Deceptions and delusions

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Kelley Williams,  Chair Bigger Pie Forum,   August 27, 2015

“O what a tangled web we weave when first we practice to deceive.”   Lord Marmion was a villain who wove the tangled web in Sir Walter Scott’s epic poem of the same name.  He wanted a rich woman and her money.  He forged a letter framing her fiancee for treason to get him out of the way.   He abandoned his mistress to a nunnery where she was walled up alive.  But she got revenge by exposing the forgery.    He was killed in battle before he was called to account.  Too bad.  He was deliberately and maliciously deceptive, not delusional.

Deceptive or delusional?  What about the promotors, enablers, and defenders of Mississippi Power’s runaway $6.3 billion Kemper County Lignite Plant?   Are they deceptive or delusional about their half truths, exaggerations,spiderweb Thumb excuses and misrepresentations?   They say the plant will be good in the long run?   Do they believe it?   So what?  In the long run we’re all dead anyway.   The plant’s first-of-a kind gasifier hasn’t operated and may not, its cost is now over six times that of a natural gas plant, and its electricity will cost over five times as much if it ever makes any.   Are they hopelessly entangled in their deceptions?  Are they stalling?  Is a lie a lie if you say you believe it?   Would you rather be thought stupid or venal?   Delusional or dishonest?   An incompetent or a villain?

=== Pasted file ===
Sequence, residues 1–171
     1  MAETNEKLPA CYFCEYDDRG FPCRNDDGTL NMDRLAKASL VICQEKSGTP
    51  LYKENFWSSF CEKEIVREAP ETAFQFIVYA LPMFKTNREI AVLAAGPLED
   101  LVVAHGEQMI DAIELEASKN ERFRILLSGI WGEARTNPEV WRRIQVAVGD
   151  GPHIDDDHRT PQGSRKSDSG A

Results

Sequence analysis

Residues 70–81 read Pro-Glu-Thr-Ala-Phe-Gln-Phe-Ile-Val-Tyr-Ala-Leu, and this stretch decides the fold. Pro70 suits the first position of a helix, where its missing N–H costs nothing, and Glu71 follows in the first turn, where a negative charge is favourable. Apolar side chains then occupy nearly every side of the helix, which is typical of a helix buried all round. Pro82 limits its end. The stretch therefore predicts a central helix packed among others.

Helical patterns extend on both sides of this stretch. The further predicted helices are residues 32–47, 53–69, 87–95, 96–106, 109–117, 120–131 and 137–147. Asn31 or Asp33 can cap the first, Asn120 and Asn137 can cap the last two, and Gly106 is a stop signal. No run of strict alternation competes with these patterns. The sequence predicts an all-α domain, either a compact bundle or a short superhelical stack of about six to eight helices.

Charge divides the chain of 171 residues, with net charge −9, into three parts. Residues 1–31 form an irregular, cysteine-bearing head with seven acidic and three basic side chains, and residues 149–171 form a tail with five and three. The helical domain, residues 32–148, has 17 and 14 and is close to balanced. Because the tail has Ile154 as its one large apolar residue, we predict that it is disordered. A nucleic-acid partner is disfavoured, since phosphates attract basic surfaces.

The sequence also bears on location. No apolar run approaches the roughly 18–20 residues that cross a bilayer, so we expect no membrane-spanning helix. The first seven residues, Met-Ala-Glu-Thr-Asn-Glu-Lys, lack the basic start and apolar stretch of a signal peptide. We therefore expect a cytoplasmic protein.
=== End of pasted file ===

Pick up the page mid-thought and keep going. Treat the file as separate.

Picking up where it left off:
Deceptions exposed.  Events have exposed Kemper deceptions.  It’s like whack a mole.   They keep popping up.  Except it’s more like whack an elephant.   One recent exposure is about byproducts.  The company says it will sell byproducts from the gasifier to help offset its cost.   The byproducts are carbon dioxide, ammonia, and sulfuric acid.  Initially gasifier byproduct revenues were supposed to be $55 million per year.   Then, $115 million.   The increase looked suspiciously convenient at the time.  Now it just looks like another deception.  Byproduct sulfuric acid and ammonia are cheap commodities with high transportation costs.   They may cost more to recover and deliver to market than they are worth.

So the company is probably dependent on carbon dioxide sales for significant revenues.   It hopes to get paid to sequester some of its carbon dioxide (i.e., put it underground) .    This will score political points for the EPA’s “clean coal” initiative.  The EPA says carbon dioxide pollutes the atmosphere.  It knows how to pollute – streams anyway.  Actually, carbon dioxide is the raw material that photosynthesis turns into trees and plants.   Its presence in the atmosphere is essential for life on earth.  Go figure.

Mississippi Power thought it had a twofer with Kemper’s carbon dioxide.   It would inject it into depleted oil fields.   This would keep it out of the atmosphere and also increase oil production.  Not to worry about the inconsistency that more oil adds more carbon dioxide to the atmosphere when burned as gasoline and diesel.   Or that some of the injected carbon dioxide comes back up with the oil.